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4.4 Rating
Understanding Focal Length

Focal length, usually represented in millimeters (mm), is the basic description of a…

Beginner

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4.2 Rating
Prime Lenses

What is a prime lens? Well, it's a lens that isn't a zoom. A prime lens has a fixed focal length which means…

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4.3 Rating
Zoom Lens Maximum Aperture: Fixed and Variable Apertures

Zoom lenses can have either a fixed maximum aperture or a…

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4.2 Rating
Using Teleconverters

Teleconverters let you extend your photographic reach

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4.6 Rating
Popular Nikon Lenses for Shooting Video

Primer on popular NIKKOR lenses for HD video shooting

Advanced

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4.4 Rating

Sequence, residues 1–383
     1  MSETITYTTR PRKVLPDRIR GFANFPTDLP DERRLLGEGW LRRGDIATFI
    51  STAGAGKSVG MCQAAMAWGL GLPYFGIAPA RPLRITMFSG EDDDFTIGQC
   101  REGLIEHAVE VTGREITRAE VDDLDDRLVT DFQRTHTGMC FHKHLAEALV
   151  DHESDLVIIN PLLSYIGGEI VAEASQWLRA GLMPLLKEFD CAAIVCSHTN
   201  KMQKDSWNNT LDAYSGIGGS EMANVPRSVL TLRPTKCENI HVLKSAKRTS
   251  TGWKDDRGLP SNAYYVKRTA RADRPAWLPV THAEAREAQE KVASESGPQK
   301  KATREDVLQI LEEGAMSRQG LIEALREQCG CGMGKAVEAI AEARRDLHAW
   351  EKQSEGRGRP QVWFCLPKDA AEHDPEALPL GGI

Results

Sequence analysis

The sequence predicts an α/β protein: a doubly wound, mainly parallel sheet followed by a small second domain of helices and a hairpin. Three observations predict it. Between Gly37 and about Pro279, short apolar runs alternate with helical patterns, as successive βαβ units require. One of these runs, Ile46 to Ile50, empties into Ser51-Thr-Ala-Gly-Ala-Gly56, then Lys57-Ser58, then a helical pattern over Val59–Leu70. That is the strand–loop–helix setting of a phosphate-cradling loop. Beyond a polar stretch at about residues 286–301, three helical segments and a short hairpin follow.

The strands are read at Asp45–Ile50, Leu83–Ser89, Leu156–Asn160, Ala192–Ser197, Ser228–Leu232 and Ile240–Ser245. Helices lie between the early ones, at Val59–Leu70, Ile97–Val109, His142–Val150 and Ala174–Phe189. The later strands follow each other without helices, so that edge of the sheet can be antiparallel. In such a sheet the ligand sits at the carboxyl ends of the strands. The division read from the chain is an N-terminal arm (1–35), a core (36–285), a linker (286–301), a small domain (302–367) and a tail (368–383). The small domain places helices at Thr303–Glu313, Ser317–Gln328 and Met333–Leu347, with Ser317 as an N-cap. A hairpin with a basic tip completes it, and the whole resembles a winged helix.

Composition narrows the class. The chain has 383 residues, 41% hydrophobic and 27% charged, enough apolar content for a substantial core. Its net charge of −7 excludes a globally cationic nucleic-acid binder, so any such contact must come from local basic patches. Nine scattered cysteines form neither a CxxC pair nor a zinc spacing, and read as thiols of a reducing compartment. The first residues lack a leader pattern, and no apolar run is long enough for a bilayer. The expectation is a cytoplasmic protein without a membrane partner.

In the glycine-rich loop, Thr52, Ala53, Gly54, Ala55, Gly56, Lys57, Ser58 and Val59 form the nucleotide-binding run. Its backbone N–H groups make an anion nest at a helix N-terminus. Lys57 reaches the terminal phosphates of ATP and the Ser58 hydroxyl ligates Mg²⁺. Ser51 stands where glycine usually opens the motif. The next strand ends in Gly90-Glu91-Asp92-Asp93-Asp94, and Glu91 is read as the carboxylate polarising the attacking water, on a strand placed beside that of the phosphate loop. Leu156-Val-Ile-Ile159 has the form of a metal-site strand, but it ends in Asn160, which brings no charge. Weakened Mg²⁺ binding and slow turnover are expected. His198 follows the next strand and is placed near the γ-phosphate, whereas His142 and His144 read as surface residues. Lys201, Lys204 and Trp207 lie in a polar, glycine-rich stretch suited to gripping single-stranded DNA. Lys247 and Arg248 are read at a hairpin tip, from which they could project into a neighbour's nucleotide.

Using legacy NIKKOR lenses with the Nikon Df

How to set the Df to accept legacy Non-Ai or Ai lenses

Advanced

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4.6 Rating
Extend Your Reach with Nikon 1 Cameras and the FT-1 Mount Adapter

Extend your reach with your favorite NIKKOR lenses on a…

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3.7 Rating
CX Format Image Sensor

Nikon 1 digital cameras utilize the Nikon CX-format super high speed AF CMOS imaging sensor.

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4.3 Rating
Which NIKKOR Lens Type is Right for Your DSLR?

Learn what the different types of NIKKOR lenses are and which ones will…

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4.3 Rating
How to Choose Your Next Nikon 1 Lens